The Society was invited to set up at the Wharton Canal Music and Craft Festival in Wharton, NJ, and we happily agreed. John and Kyle represented the unit, setting up our display with some helpful volunteers who very graciously lent us a hand in putting our fly up. We showcased our 18th, 19th, and 20th Century impressions and offered information about the Society to a steady stream of visitors. We can say that we had so many visitors that it was a non-stop event for us. While we do not know exactly how many people we spoke with during the day, we almost depleted all the brochures we brought along. Special commendations to Kyle for discussing and demonstrating the flintlock musket and comparing it against the SMLE of the First World War. John primarily focused on the uniforms of the regiment and how the Society itself operates. The festival itself was a very large affair and while we didn't get a chance to see it, we were told that about five thousand people had come throughout the day, being brought in by shuttle bus or locals walking to see. There were bands, crafters, kayak rides, ponies, and we were not the only reenactors present, either. Another Revolutionary War unit and a Civil War group was present, although they were on the other side of the festival. The event's staff and John Manna were wonderful to us, the weather was cooler than expected (which was also fantastic), and we found the occasion to be another great day for the British Empire.
Some pictures shared by Jeff Bross.
The 3rd annual Living History Timeline at Ringwood Manor was a success, despite the threatening weather reports on Saturday. A wide variety of historical representations were on hand each day and a brief rain shower on Saturday at 2pm did not extinguish the fun of the event. This year, our representations spanned the Roman Empire through the Vietnam War. Sunday's weather was perfect and saw larger numbers of visitors, engaging with our participants the whole time. Reuben Fast Horse, Lakhota teacher, linguist, and entertainer, spoke each day to gathered audiences and Michael and Maria Grillo as Mr. and Mrs. George Washington spoke on Sunday afternoon, wrapping up the event. Ringwood saw one of the largest turn-outs of Royal Sussex Society members in quite some time, spanning a number of different impressions, but nevertheless united by their common unit.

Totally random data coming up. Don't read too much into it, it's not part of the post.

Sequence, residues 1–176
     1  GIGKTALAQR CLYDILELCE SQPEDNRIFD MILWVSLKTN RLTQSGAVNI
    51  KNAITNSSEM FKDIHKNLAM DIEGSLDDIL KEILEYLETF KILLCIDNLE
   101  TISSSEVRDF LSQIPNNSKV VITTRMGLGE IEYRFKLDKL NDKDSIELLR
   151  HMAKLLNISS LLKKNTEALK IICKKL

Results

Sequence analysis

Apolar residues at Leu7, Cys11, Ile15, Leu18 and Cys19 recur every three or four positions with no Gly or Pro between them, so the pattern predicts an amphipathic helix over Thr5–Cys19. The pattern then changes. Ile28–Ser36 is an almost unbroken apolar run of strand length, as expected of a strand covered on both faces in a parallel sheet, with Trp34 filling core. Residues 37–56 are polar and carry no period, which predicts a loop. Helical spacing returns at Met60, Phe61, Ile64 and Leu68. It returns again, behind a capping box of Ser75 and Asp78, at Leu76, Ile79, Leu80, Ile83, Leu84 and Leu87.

The Royal Sussex thanks the staff at Ringwood Manor and all the participating reenactors making this year a great event for everyone. We also thank Bethany Schulte and Chris Lauterbach for these pictures.
The 35th Regiment's Grenadier Company was represented at the British Brigade's Battle of Monmouth this year. Our presence, albeit smaller, saw the 35th falling out with our stalwart allies in the British battle line. The real 35th's flank companies were present at the Battle of Monmouth in 1778, before being transferred under the command of General Grant to the Caribbean. This move was designed to counter the French threat after France openly sided with the rebellious colonies in their cause for independence.
Fresh off the streets from parading in Hawthorne, our Great War commanding officer was joined by Tony S. who represented a German officer for a historical presentation at the Annex in Glen Rock. The "Glen Rockin' Seniors" listened to a talk that ran just over an hour on the causes of the First World War, how the men at the front and women in support roles lived, and some aspects of the nature of the combat conditions themselves. Hand-outs were passed around the audience, including reproduction newspapers, a National Registration Act identification booklet, a pamphlet on food economy, and more. The end of the talk had a question and answer period followed by pictures. We were introduced to two members of the Daughters of the British Empire who came to visit and enjoyed speaking with them. We thank First Light Home Care and Daria Boyd for having us and for the opportunity to continue our historical public outreach.